XRX: Mapping URLs with Orbeon Forms
Jeni Tennison, O'Reilly Blog

This article is Part 2 of a series exploring implementing a RESTful social bookmarking web service using the XRX (XForms, REST, XQuery) architecture. Part 1 showed how to set up eXist with a bunch of XML and some queries that provided flexible access to that XML. In this second part, we look at how to use Orbeon Forms to map good URLs onto those queries to get a reasonable read-only RESTful application. The social bookmarking web service being used is modelled on as described in Chapter 7 of Leonard Richardson's and Sam Ruby's book on "RESTful Web Services." [In this example], the 'matcher' attribute indicates that the URLs in the path-info attributes should be interpreted as regular expressions. The 'default-submission' attribute points to the template XML document. The 'model' attribute points to the pipeline I defined to do the XForms submission. The view 'attribute' just points to the identity transformation, because I want this service to just return the XML rather than HTML or Atom or XSL-FO or anything special. The 'epilogue' element tells Orbeon to use its normal epilogue pipeline to process the results. The epilogue pipeline sets the appropriate response headers (such as the Content-Type) and serialises the result in the right way. If the XML that your pipeline generates is an Atom feed, for example, the default epilogue will set the content type to 'application/atom+xml' and serialise the result as XML. If it's XSL-FO, the default epilogue will convert that to PDF (using FOP) and return that with the content type 'application/pdf'. Arbitrary XML is returned as arbitrary XML... I now have a system in which the URIs I want to use are mapped into queries on the XML database...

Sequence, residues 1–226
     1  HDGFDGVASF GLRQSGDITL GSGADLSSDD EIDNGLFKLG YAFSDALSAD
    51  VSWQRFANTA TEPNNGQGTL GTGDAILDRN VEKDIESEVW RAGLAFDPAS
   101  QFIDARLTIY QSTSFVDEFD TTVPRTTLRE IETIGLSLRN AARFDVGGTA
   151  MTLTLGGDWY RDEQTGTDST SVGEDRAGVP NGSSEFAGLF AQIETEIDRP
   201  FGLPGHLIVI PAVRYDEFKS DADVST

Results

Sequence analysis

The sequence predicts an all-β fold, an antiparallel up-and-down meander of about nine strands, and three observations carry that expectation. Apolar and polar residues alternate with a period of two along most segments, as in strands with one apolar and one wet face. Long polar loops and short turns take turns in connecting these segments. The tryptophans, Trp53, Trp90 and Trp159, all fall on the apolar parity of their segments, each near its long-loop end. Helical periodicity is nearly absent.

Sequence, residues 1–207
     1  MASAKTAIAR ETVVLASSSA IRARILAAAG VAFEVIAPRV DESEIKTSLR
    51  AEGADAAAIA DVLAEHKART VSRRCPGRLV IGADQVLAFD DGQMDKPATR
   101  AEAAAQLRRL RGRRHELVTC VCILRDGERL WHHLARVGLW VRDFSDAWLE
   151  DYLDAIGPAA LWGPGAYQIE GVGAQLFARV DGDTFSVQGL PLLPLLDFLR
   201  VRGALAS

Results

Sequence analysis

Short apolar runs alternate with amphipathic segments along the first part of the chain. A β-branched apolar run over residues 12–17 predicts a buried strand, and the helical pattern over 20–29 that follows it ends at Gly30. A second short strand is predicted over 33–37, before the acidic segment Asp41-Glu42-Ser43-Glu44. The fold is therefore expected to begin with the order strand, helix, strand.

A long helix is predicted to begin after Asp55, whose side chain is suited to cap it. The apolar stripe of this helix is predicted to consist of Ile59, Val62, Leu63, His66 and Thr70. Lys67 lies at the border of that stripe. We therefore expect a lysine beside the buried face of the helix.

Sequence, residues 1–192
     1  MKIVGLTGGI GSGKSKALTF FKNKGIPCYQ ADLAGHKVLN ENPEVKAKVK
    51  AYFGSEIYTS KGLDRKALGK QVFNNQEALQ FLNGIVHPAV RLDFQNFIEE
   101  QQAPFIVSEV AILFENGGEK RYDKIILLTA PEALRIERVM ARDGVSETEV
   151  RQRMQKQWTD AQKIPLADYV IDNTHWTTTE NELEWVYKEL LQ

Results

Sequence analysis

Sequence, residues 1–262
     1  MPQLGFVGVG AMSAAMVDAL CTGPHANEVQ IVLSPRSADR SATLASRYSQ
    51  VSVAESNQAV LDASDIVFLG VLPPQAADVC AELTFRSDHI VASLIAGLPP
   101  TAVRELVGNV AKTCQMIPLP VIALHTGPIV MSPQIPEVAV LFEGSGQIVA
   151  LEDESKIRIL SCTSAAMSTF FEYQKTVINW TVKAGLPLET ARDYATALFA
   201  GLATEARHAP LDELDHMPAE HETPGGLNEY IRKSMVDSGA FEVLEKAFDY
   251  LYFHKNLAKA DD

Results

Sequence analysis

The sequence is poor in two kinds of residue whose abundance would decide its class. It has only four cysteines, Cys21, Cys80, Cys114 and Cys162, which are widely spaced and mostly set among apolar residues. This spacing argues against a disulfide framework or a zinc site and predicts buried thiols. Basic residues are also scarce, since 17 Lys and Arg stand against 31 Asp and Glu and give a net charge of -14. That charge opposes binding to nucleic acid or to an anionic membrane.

See also: Part 1

Assertions in New XSD 1.1 Draft
Rick Jelliffe, O'Reilly Blog